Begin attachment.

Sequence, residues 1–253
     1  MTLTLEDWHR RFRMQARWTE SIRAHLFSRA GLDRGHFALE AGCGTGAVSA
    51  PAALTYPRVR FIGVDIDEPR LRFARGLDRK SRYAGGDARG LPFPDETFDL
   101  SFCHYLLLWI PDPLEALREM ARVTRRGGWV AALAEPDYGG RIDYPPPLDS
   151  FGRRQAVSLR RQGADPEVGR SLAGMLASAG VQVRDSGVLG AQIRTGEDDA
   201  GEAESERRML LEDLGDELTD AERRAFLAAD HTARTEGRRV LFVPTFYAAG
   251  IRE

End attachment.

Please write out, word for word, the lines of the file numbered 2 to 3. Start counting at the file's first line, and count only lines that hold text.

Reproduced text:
     1  MTLTLEDWHR RFRMQARWTE SIRAHLFSRA GLDRGHFALE AGCGTGAVSA
    51  PAALTYPRVR FIGVDIDEPR LRFARGLDRK SRYAGGDARG LPFPDETFDL